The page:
This course is recommended for students who plan to complete a BA degree in Psychology. The course addresses four areas of academic and professional skill development. First, students will learn how to write papers and research reports using the writing and referencing style of the American Psychological Association (APA). Second, students will develop the necessary skills to construct interview questions and conduct effective interviews. Third, students will develop the research and critical thinking skills necessary to find, review, and evaluate research on given topics in psychology. Finally, students will learn to apply ethical guidelines and other practical skills to research in psychology.
- APA Writing Style
- Constructing interview questions
- Probes and follow-up questions
- Interviewing skills
- Finding, Reviewing, and Evaluating Research
- Psychology as a science
- Peer review researchheory-testing
- Operational definitions
- Case studies
- Correlation and causation
- Experimental control
- Representative samples
- Converging evidence
- Multiple causation
- Inferential statistics and probability
- Research Ethics
- American Psychological Association Ethics Code.
- Canadian Psychological Association Ethics Code.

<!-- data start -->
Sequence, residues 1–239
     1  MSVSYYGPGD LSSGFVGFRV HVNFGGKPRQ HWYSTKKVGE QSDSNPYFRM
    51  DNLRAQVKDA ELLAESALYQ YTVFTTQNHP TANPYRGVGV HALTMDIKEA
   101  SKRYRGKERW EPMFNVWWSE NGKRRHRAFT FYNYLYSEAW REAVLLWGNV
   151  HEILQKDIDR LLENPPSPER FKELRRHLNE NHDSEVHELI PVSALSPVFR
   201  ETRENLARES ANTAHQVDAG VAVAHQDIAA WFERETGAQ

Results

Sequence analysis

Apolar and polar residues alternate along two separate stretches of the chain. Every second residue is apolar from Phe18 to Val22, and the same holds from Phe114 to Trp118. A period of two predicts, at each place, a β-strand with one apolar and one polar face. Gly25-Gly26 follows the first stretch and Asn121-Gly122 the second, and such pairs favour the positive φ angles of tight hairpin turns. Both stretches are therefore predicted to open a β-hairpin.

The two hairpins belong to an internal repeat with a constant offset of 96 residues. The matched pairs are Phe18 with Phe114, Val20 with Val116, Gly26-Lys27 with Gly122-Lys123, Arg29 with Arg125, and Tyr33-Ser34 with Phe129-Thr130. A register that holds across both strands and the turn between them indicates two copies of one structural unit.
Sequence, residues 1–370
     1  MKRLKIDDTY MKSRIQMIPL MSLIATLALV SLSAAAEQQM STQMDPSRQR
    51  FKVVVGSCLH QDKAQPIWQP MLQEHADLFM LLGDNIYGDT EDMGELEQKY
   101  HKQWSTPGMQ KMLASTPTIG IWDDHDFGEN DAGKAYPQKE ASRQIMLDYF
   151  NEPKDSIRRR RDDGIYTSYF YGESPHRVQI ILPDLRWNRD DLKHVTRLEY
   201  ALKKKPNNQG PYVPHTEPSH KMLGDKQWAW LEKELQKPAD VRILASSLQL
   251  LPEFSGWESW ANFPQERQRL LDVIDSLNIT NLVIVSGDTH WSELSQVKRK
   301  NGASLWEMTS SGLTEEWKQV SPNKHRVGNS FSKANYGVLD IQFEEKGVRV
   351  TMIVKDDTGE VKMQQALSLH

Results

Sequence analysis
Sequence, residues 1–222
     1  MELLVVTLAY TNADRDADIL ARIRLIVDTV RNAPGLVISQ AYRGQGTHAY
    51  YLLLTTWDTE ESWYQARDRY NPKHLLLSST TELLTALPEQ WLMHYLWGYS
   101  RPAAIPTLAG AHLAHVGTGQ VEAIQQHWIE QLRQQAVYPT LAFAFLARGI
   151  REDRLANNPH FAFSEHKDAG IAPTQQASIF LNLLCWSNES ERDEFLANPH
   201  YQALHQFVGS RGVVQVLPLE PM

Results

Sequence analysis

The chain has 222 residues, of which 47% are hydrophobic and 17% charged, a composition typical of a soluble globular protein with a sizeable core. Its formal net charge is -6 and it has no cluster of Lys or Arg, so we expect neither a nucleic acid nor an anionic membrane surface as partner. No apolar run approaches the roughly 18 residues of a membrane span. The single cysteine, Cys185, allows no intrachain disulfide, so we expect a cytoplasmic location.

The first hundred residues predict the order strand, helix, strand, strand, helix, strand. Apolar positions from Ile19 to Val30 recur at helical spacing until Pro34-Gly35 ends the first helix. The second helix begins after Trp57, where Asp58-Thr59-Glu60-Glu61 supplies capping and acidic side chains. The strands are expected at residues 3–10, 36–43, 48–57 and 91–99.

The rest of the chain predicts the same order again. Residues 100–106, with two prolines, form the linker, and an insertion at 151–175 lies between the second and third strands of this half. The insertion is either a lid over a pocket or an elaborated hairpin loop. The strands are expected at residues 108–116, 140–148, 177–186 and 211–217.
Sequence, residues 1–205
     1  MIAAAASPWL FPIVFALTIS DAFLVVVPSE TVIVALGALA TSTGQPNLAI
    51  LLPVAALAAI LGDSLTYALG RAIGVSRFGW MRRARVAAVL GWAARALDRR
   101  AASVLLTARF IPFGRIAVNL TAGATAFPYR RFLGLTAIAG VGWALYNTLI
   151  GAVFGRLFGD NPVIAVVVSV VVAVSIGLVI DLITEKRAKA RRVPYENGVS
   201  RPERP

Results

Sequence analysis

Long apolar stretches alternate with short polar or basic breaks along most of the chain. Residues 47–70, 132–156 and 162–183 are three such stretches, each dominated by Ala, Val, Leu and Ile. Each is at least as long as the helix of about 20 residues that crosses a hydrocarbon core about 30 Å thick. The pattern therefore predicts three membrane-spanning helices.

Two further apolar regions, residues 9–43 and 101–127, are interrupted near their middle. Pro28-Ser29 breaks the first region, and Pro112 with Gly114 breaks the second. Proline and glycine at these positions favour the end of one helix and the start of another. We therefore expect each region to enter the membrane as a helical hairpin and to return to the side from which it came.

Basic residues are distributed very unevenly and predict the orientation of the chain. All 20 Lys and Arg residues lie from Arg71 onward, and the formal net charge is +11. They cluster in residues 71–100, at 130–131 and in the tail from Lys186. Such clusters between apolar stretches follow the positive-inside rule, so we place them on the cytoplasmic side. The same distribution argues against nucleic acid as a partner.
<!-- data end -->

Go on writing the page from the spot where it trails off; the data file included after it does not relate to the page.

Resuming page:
- Informed consent.
- Minimal-risk research.
- Risk-benefit analysis.
Methods of Instruction
The primary method of instruction will be the lecture, but the course may involve various other methods of instruction, such as small group activities, discussion groups, oral presentations, video tapes, and guest lectures.
Means of Assessment
The course evaluation will be based on the course objectives and in accordance with Douglas College policy
An example of a possible evaluation scheme would be:
|APA Style research paper
|In-class writing assignments
At the conclusion of the course the successful student will be able to:
- Write a research report in APA style.
- Construct well-designed interview questions, probes, and follow-up questions.
- Conduct an effective research interview.
- Critically evaluate empirical research.
- Apply ethical guidelines to psychological research.
- Work in teams to plan and conduct minimal risk research.
Course Guidelines for previous years are viewable by selecting the version desired. If you took this course and do not see a listing for the starting semester/year of the course, consider the previous version as the applicable version.
Below shows how this course and its credits transfer within the BC transfer system.
A course is considered university-transferable (UT) if it transfers to at least one of the five research universities in British Columbia: University of British Columbia; University of British Columbia-Okanagan; Simon Fraser University; University of Victoria; and the University of Northern British Columbia.
For more information on transfer visit the BC Transfer Guide and BCCAT websites.
If your course prerequisites indicate that you need an assessment, please see our Assessment page for more information.